Unfortunately, the data collected by Stanley & Girth are not directly comparable to the data collected by

Caplovitz, and thus one cannot say for certain that the two groups were very different at the time.

95

91

See

Credit Report Accurate,

supra

note 7, at 312.

92

See

Consumer Data,

supra

note 7, at 50.

93

See

C

APLOVITZ

,

supra

note 17, at 325-26.

94

See

S

TANLEY

& G

IRTH

,

supra

note 16, at 43.

95

For example, Caplovitz tells us the percentage of defaulting debtors who graduated from high school,

C

APLOVITZ

supra

note 17, at 19, but S

TANLEY

& G

IRTH

present data on education in a manner that does not allow the computation of this statistic. Stanley & Girth,

supra

note 94, at 43. In addition, the two studies

18

The above analysis also fits well with the finding of Sullivan, Warren &

Westbrook that most bankrupt families can be fairly described as “middle class.”

96

Though bankrupt debtors had lower incomes than the general population, they had roughly comparable levels of occupational prestige,

97

years of education

98

and homeownership rates.

99

Whites were slightly overrepresented in their sample of bankrupt debtors, though blacks were overrepresented as well; all other minority groups were underrepresented.

100

They also find that credit cards and other obligations to financial institutions comprise a very large portion of the amount owed by the bankrupt debtors.

101

The above analysis is, however, possibly inconsistent with Sullivan, Warren &

Westbrook’s own interpretation of their results. They view fact that the middle class dominates bankruptcy as evidence that the middle class has access to enough credit to put them at financial risk. Curiously, they do not explain why the poor are not also found in bankruptcy, and imply that disadvantaged groups may not need bankruptcy because they lack access to enough credit to put them at risk.

102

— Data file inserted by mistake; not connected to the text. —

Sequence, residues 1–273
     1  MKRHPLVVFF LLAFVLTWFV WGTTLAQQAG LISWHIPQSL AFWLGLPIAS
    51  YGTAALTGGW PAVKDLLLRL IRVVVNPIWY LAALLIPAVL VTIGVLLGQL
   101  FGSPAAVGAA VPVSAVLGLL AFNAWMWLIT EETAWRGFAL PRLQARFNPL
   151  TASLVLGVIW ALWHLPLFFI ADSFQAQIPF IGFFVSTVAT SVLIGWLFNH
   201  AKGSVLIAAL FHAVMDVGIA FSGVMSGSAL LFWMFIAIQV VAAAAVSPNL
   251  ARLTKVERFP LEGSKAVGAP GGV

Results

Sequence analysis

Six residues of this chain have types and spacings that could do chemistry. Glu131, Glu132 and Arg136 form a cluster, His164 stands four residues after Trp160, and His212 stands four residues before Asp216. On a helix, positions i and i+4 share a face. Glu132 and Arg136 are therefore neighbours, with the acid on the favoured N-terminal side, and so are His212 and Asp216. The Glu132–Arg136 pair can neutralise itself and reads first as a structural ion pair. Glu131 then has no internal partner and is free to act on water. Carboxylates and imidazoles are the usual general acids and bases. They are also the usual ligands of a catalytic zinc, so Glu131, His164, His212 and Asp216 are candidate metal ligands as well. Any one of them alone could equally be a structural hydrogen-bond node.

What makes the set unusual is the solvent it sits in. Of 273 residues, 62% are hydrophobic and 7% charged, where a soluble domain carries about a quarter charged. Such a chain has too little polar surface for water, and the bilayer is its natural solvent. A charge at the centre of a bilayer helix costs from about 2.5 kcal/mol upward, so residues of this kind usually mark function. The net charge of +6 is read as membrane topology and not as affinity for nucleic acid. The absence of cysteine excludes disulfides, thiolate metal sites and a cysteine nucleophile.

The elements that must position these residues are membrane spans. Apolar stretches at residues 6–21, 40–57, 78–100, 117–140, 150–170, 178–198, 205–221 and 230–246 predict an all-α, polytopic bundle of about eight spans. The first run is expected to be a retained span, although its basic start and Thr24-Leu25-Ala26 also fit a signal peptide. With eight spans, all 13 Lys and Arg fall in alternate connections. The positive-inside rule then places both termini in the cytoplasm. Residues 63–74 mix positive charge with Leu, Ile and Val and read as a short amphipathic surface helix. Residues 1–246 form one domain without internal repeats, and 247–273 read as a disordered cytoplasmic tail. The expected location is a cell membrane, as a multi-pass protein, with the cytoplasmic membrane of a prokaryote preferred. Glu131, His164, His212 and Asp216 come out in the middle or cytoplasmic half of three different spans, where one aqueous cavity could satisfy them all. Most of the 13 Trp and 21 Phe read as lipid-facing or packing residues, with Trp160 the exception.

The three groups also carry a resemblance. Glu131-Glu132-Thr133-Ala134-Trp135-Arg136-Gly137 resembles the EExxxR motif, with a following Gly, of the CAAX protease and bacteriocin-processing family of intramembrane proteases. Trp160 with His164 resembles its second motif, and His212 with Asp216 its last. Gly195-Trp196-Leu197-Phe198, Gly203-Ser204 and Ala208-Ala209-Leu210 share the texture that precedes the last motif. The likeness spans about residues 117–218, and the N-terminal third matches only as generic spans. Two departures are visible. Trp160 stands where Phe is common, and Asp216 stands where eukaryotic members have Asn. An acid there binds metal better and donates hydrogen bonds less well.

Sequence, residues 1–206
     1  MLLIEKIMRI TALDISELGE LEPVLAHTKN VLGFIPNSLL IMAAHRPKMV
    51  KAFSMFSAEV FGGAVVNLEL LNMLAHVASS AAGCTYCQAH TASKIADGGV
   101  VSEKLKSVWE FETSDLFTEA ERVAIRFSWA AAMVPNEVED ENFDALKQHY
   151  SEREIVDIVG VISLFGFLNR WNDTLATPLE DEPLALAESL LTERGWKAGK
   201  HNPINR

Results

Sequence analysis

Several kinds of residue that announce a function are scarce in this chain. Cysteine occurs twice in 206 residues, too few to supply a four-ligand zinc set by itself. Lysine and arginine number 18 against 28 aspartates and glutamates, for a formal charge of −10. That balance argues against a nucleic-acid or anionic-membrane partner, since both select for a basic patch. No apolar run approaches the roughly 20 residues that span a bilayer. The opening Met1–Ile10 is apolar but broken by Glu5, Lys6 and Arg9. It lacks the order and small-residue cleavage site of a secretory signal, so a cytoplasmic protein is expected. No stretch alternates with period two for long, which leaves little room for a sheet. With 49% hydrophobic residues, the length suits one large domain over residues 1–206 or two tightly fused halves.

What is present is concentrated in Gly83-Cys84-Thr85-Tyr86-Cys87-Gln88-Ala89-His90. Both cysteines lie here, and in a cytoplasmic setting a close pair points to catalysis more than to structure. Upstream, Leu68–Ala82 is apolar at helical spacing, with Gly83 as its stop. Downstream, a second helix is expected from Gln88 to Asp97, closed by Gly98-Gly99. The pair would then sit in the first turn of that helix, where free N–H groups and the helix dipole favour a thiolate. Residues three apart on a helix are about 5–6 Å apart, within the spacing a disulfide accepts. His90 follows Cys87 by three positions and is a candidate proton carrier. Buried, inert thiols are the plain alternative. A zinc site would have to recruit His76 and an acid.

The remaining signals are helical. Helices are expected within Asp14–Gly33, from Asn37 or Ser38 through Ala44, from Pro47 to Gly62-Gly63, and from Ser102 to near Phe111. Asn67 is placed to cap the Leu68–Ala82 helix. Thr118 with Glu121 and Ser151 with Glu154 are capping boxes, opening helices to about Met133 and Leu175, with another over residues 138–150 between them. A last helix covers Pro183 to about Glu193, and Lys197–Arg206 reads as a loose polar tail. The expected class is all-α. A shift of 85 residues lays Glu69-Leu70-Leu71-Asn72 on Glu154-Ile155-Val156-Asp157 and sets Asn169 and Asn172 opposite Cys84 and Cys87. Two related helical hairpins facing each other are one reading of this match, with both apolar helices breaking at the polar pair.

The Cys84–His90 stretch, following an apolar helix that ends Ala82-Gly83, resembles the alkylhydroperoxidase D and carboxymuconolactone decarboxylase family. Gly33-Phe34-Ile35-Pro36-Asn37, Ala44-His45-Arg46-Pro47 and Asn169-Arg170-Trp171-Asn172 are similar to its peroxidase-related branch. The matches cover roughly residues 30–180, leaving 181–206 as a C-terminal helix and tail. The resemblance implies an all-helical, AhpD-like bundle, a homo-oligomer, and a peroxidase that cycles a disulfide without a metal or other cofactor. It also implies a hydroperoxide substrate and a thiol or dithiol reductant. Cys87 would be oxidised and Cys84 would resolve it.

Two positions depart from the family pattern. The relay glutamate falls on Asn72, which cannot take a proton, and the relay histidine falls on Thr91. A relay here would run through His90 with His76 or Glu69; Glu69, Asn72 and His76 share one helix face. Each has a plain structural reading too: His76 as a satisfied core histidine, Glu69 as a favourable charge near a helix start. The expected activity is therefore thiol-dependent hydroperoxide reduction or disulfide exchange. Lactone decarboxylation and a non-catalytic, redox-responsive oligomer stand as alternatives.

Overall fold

Perhaps their argument helps explain why there are so many middle class consumers in bankruptcy, but it cannot explain why the poor do not file for bankruptcy. The results of Dawsey & Ausubel and the results of focused on different cities with only some overlap, and any difference may be due to geography rather than the legal process.

96

97

See supra

note 18, and the accompanying text.

See

S

ULLIVAN

, W

ARREN

& W

ESTBROOK

,

supra

note 14, at 91 (“The debtors in bankruptcy work alongside other Americans, in roughly the same industries and jobs, and with nearly the same general occupational prestige . . .)

98

99

See

S

ULLIVAN

, W

ARREN

& W

ESTBROOK

,

supra

note 18, at 53.

100

See supra

note 18, and accompanying text.

101

See

S

ULLIVAN

, W

ARREN

& W

ESTBROOK

,

supra

note 18, at 46.

102

Id.

at 131 (finding that credit card debt was typically one half of all unsecured debt).

See, e.g.

, S

ULLIVAN

, W

ARREN

& W

ESTBROOK

,

supra

note 96, at 42 (“In addition, redlining and other restrictive credit practices have limited the amount of financial risk that minorities have been permitted to take. . . . As a result, minority group members have had less access to credit, lower levels of debt, and hence less need for bankruptcy.”)

19